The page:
Pool Removal – The Real Estate Value
Whether or not to remove a pool is a very common question. In many instances, pool removal can in fact increase the value of one’s property.
Here is a list of factors that may have a negative effect on your home’s value that should lead you to consider pool removal.
- If the pool takes up 30% or more of the backyard.
- If the pool is over 30 years old and is in need of repair
- If the pool does not have a safety gate around it.
- If the pool is made from a vinyl liner.
- If the geographic area the pool is in has less than 3 months of “swimming weather”
- If the pool is the only one in the neighborhood.
- If your area is currently experiencing a drought
Unless your geographic location allows for 6 or more solid months of swimming weather, your pool is less than 15 years old, and most of the neighborhood has a pool, you can expect your pool to decrease your property value.
Some of the exceptions to your pool decreasing your property value would be if your house is considered a luxury home, many of your neighbors have a pool, and the pool is completely enclosed, including a secure safety gate.
Many folks just don’t like the risks involved in owning a pool. Therefore trying to make your property more attractive to potential buyers, pool removal could be your best option.
Removing your pool also allows your property to have more outdoor green space. An uncluttered yard increases your property’s potential; thus increasing your property’s value.
Swimming pools are nice to enjoy at a friend’s or neighbor’s house, but can be a hassle to have at your own home. Many potential home buyers view swimming pools as dangerous, expensive to maintain and a lawsuit waiting to happen. Families with young children in particular may turn down an otherwise perfect house because of the pool (and the fear of a child going in the pool unsupervised). In fact, a would-be buyer’s offer may be contingent on the home seller dismantling an above ground pool or filling in an in-ground pool. The one exception could be if having a pool is standard in your neighborhood, as it can be in warm states such as California, Arizona, Florida and Hawaii.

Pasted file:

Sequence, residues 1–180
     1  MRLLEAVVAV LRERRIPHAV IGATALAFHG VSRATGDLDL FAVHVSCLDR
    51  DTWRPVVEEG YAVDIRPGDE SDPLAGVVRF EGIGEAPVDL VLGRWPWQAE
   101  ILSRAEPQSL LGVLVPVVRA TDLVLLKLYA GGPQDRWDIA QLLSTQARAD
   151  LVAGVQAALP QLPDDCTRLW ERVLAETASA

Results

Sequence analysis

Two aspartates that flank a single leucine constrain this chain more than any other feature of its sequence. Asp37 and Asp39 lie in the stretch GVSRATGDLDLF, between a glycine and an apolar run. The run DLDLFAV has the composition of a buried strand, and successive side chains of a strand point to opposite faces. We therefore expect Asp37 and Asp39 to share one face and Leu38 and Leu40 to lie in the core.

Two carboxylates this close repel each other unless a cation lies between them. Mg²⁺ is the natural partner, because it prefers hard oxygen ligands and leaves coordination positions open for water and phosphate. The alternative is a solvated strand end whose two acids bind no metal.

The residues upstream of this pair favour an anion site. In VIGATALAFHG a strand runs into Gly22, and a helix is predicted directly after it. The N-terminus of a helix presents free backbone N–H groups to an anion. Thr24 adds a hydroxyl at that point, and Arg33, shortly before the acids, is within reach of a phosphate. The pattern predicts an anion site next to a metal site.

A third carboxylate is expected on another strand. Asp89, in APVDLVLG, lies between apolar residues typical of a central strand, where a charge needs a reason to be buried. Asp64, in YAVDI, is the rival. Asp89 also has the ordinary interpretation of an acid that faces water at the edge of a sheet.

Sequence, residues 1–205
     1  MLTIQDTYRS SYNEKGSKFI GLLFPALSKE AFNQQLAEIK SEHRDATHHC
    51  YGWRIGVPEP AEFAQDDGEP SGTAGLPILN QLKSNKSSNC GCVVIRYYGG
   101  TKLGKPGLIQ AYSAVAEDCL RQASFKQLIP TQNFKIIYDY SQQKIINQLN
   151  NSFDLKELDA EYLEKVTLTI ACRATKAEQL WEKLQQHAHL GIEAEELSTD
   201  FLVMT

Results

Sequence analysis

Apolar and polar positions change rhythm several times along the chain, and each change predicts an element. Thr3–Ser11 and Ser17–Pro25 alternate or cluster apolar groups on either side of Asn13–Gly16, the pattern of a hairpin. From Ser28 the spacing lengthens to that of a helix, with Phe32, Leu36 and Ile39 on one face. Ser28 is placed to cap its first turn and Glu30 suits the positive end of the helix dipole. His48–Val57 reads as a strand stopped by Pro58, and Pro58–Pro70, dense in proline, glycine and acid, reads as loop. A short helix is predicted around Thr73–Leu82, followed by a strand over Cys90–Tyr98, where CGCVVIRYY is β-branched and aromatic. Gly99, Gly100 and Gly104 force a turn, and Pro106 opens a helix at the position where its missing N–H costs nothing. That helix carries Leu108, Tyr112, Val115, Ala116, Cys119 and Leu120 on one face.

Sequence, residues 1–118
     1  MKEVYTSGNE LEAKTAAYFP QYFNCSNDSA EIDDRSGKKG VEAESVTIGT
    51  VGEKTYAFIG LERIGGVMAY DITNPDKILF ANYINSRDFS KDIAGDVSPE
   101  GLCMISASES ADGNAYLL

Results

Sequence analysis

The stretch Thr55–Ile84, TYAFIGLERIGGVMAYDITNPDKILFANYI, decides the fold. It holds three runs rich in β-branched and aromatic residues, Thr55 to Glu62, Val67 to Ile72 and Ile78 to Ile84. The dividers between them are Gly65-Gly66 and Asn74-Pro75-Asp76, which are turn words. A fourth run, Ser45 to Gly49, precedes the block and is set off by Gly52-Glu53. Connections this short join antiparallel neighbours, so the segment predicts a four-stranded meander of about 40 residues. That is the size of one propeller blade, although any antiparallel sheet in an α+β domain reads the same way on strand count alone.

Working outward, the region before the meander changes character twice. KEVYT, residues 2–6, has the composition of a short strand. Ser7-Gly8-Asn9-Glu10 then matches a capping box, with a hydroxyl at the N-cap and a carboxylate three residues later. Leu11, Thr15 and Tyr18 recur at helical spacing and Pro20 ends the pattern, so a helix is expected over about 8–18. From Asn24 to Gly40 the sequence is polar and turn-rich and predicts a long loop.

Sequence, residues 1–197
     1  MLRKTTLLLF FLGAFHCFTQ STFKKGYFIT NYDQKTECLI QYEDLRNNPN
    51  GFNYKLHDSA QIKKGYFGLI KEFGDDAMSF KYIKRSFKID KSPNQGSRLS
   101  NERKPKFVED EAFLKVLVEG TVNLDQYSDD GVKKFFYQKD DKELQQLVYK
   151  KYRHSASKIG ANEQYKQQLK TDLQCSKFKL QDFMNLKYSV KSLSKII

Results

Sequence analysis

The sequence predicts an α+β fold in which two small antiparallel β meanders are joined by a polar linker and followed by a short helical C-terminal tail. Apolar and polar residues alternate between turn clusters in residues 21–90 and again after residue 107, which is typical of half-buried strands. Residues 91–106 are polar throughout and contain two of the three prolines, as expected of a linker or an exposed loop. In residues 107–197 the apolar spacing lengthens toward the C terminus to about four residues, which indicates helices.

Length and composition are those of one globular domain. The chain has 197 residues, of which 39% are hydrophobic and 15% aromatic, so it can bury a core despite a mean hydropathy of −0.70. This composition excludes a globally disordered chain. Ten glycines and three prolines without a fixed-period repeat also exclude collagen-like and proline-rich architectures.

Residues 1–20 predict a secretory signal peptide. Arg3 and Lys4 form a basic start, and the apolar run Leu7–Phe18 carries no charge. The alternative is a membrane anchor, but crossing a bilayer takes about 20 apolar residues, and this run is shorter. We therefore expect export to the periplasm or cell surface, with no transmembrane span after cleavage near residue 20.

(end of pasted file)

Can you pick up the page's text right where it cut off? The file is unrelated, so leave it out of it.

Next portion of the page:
An in-ground pool costs anywhere from $30,000 to more than $100,000, and additional yearly maintenance expenses are part of the package. That’s a significant amount of money that might never be recouped if and when the house is sold. Put one in for your own pleasure, perhaps, but know that it could cost you when you sell your home.
Many pools that we remove are related to real estate transactions.
- A home that was on the market for many months just could not attract any offers. The pool which was poorly placed was removed and the resulting area professionally landscaped. The house then went into escrow within weeks of being put back onto the market.
- Another home with a pool that needed to be rented out. In order to rent the home the insurance company wanted to increase the premium drastically and install a gate that was going to cost $3,500. In addition, several renters expressed hesitation due to the pool and the homeowners would be responsible for maintenance and repair. They decided the best course of action was to remove the pool.
- An older couple had lived in their home for many years. They were beginning to find that maintenance costs were getting too high. They were thinking of selling the house. They had never considered removing the pool until they did the math and realized the cost to remove the pool would be far less than the cost relating to buying another home.
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